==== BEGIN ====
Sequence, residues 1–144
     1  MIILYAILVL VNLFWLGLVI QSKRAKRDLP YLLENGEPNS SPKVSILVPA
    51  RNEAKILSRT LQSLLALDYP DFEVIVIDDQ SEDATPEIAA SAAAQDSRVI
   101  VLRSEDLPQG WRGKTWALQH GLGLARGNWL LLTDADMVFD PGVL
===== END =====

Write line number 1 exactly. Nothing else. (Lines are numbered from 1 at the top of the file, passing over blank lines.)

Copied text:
Sequence, residues 1–144